Cape Gazette

Lower speed limit on Route 1: Really?

By Mike Irise | Mar 04, 2014

Your editorial in Feb. 28 issue refers to quotes from the Insurance Institute of Highway Safety, IIHS. First, this agency is funded by auto insurers. The premise you bring forth is a bit farfetched. The remedies that were agreed upon by a “local committee” looked at the whole picture, not statistical information by a nationwide group. The members of this committee are familiar with Route 1, and all of its nuances. Reduction of the speed limit from 45 mph to 35 mph will definitely slow the traffic down. Well heck, let’s make it 25 or 15 mph. The slower the better I guess, if you note the quotation from the insurance institute.


You seem to forget, that during the “in season” period on Route 1, you’re lucky if you get to 25 mph! The injuries and deaths that occurred this past summer involved alcohol, lighting (or lack thereof), driver inattentiveness, just plain stupidity, or a combination of them.


Crossing Route 1 in dark clothing at night, in an unlit area outside of a crosswalk area is just one example. Pedestrians and bicyclists need to be part of the solution also. Wearing bright reflective clothing, or reflectors, lights and use of helmets, as you mentioned, when riding bicycles, would be a start. Have you noticed that out of season, these incidents either rarely occur or don’t at all?


You refer to speed cameras on Route 1, really? I can see them in school zones with a speed limit of 20 or 25 mph, but not on Route 1. Besides isn’t it the state police’s job to perform enforcement? It doesn’t seem that the state police are having any difficulty enforcing the speed limit lately on Route 1. They have been doing a bang up job recently on Route 1, and I applaud them in that effort.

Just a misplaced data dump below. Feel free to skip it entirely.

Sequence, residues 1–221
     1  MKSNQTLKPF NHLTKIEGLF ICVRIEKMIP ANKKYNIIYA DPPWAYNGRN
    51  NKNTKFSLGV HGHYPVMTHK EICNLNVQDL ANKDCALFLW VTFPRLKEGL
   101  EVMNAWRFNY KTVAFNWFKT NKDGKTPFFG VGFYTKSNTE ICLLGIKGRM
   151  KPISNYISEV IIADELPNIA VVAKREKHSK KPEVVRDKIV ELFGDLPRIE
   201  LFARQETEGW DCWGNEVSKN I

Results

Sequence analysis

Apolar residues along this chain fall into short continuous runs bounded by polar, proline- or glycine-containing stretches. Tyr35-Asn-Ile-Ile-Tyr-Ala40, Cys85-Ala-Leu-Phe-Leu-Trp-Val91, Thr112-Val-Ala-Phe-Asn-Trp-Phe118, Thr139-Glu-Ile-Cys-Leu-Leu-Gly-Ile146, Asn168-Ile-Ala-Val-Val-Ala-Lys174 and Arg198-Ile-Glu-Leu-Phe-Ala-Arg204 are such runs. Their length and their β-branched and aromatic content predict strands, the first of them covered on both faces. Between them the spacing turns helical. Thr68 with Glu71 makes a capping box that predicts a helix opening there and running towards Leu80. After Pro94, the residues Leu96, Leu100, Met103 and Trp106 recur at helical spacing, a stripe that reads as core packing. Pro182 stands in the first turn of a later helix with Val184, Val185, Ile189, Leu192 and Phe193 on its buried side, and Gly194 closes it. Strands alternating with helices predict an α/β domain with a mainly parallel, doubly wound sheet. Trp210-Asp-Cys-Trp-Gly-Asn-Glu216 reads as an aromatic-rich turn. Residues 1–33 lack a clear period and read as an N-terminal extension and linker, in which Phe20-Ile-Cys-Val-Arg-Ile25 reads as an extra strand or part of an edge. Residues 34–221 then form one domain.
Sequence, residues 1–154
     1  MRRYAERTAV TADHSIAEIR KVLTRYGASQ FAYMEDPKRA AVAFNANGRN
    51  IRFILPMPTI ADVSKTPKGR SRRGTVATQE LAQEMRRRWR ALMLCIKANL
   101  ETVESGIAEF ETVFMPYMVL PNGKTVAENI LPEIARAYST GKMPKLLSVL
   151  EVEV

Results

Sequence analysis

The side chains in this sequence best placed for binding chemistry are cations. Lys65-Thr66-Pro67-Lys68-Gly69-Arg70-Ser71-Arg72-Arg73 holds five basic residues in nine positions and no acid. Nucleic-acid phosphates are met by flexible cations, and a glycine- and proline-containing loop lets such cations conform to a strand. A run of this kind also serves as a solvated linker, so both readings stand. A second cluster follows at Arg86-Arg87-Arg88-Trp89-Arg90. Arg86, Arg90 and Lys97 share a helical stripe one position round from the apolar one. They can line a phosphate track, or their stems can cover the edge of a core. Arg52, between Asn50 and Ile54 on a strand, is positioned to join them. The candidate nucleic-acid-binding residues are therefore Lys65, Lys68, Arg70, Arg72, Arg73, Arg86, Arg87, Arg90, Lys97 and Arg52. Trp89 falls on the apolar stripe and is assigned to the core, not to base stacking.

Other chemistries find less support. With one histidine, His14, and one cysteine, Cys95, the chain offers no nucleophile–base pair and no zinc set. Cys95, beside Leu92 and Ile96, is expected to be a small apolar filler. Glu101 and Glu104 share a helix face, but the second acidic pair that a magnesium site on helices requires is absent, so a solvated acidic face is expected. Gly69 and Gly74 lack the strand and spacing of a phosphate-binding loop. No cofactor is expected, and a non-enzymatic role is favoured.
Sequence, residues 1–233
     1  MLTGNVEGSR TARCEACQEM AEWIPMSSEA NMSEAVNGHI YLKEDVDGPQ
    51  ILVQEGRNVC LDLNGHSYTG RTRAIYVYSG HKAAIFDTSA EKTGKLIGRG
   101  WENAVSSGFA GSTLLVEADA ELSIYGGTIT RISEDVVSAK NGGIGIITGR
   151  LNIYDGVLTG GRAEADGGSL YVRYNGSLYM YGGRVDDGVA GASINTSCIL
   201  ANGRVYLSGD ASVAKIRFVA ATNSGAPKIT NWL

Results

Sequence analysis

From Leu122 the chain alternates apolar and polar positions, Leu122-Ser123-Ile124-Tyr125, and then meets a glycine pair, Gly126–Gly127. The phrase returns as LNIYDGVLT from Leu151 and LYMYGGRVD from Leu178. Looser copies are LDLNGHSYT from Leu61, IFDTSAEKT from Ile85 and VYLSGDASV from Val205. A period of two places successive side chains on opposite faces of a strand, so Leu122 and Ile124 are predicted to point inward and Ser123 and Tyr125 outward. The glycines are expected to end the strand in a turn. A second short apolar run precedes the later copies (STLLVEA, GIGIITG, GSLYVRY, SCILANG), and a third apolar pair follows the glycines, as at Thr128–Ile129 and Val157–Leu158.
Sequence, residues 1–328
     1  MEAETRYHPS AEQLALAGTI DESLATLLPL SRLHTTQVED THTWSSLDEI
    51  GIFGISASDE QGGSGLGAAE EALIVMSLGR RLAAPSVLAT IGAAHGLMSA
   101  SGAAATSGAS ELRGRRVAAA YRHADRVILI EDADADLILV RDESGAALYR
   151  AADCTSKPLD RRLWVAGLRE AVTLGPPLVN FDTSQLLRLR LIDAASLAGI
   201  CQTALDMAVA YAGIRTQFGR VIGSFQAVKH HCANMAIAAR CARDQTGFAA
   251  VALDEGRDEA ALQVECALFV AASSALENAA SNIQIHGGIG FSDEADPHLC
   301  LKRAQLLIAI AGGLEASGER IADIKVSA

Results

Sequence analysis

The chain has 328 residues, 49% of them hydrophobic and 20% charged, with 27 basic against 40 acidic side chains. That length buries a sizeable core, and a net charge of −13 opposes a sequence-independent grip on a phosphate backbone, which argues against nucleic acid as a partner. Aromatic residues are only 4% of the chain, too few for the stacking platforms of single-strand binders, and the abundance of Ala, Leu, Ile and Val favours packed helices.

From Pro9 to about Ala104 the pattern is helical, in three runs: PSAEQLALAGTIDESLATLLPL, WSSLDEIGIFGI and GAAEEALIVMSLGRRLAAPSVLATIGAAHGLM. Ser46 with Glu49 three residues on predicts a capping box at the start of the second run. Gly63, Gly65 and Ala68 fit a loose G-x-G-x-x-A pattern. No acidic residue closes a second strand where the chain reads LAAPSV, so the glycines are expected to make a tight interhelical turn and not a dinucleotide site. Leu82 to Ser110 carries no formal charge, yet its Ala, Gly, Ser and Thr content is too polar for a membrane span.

In closing, the remedies projected, such as additional lighting, added crosswalks, sidewalks and allowing bicycles on the sidewalks is a step in the right direction. Let’s crawl before we walk, then walk before we run, especially into speed reduction and speed cameras. Think about the off season locals who would suffer because of your drastic ideas, which will make government (through tickets), and insurance companies (through premium increases), rich at the cost of the residents. Remember IIHS is funded through insurers (that’s insurance companies!!) “They” couldn’t have an agenda, could they?

Mike Irise


Comments (1)
Posted by: Thomas Adams | Mar 06, 2014 08:19

The editorial re-presents just one claim--not claims as Mr Irise states-- from IIHS and that claim seems rather hard to refute: that "speeding makes crashes more likely and more likely to be deadly."  And Mr Irise does not attempt to refute that claim on its merits.  Instead, he attempts to discredit the source by accusing IIHS of some unspecified hidden agenda.   Foul.


As it happens, I came across a mention of IIHS yesterday while reading the annual car issue of Consumer Reports (April, p 79).  CR drew upon data of crash tests from IIHS in compiling its safety recommendations for cars, providing consumers with useful information for making informed choices.  The agenda of IIHS seems to be exactly what the editorial says it is: to reduce deaths, injuries and property damage on the nation's roads.  I am not able to see anything nefarious in their work.  If Mr. Irise does, he would serve his readers well by pointing it out.



If you wish to comment, please login.

The price of liberty is eternal vigilance.